Specifically, your firm’s supervisor is in charge of performing quality audits of all manufacturing, cleaning, and sanitizing records to assess if they were completed in accordance to your procedures. Nevertheless, to be in compliance with the Quality System Regulation internal audits must be conducted by individuals who do not have a direct responsibility for the matters being audited.
8.      Failure to establish procedures for identifying training needs and ensure that all personnel are trained to adequately performed their assigned responsibilities as required by
21 CFR§ 820.25 (b).
This is a repeat deficiency cited in our 2008 inspection.
The multiple deficiencies found during this inspection show that your personnel have not been adequately trained in the requirements of the Quality System Regulation. In addition, you were not able to show during the inspection that your personnel received on the job training for their specified assigned tasks.
You should take prompt action to correct the violations addressed in this letter.  Failure to promptly correct these violations may result in regulatory action being initiated by the Food and Drug Administration without further notice.  These actions include, but are not limited to, seizure, injunction, and/or civil money penalties.  Also, federal agencies are advised of the issuance of all Warning Letters about devices so that they may take this information into account when considering the award of contracts. Requests for Certificates to Foreign Governments will not be granted until the violations related to the subject devices have been corrected.
Repeat citations from prior inspections indicate that your quality control unit is either not appropriately exercising its responsibilities or does not have the authority to carry out its responsibilities. Due to continuing QSR deviations at your firm, we recommend you engage a third party consultant having appropriate QSR expertise to assess your firm’s facilities, procedures, processes, and systems to ensure that your devices are manufactured in accordance to applicable regulations.
This letter is not intended to be an all-inclusive list of the violations at your facility.  It is your responsibility to ensure compliance with applicable laws and regulations administered by FDA.  The specific violations noted in this letter and in the FDA 483 issued at the closeout of the inspection may be symptomatic of serious problems in your firm’s manufacturing and quality assurance systems.  You should investigate and determine the causes of the violations, and take prompt actions to correct the violations and bring your products into compliance.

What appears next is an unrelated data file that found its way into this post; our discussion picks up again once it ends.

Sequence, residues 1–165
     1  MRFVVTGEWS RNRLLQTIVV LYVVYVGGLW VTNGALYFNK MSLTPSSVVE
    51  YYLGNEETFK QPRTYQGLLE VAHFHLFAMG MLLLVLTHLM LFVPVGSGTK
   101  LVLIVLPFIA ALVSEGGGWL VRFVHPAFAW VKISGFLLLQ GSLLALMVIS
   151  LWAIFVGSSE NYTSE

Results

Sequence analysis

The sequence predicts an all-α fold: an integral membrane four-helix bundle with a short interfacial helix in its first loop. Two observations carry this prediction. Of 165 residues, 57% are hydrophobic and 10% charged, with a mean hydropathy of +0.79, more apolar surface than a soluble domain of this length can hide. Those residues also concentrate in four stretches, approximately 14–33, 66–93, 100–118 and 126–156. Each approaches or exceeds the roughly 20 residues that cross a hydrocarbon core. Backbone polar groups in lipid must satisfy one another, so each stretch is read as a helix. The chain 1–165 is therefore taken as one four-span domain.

Please notify this office in writing within fifteen (15) working days from the date you receive this letter of the specific steps you have taken to correct the noted violations, including an explanation of how you plan to prevent these violations, or similar violations, from occurring again.  Include documentation of the corrective action you have taken.  If your planned corrections will occur over time, please include a timetable for implementation of those corrections.  If corrective action cannot be completed within 15 working days, state the reason for the delay and the time within which the corrections will be completed.
Your reply should be sent to the following address:  Food and Drug Administration, Attention: Margarita Santiago, Compliance Officer, 466 Fernández Juncos Avenue, San Juan, Puerto Rico 00901-3223. If you have any questions concerning the violations noted please contact Ms. Santiago at (787) 474-4789 or by electronic mail at margarita.santiago@fda.hhs.gov.
Maridalia Torres
District Director
San Juan District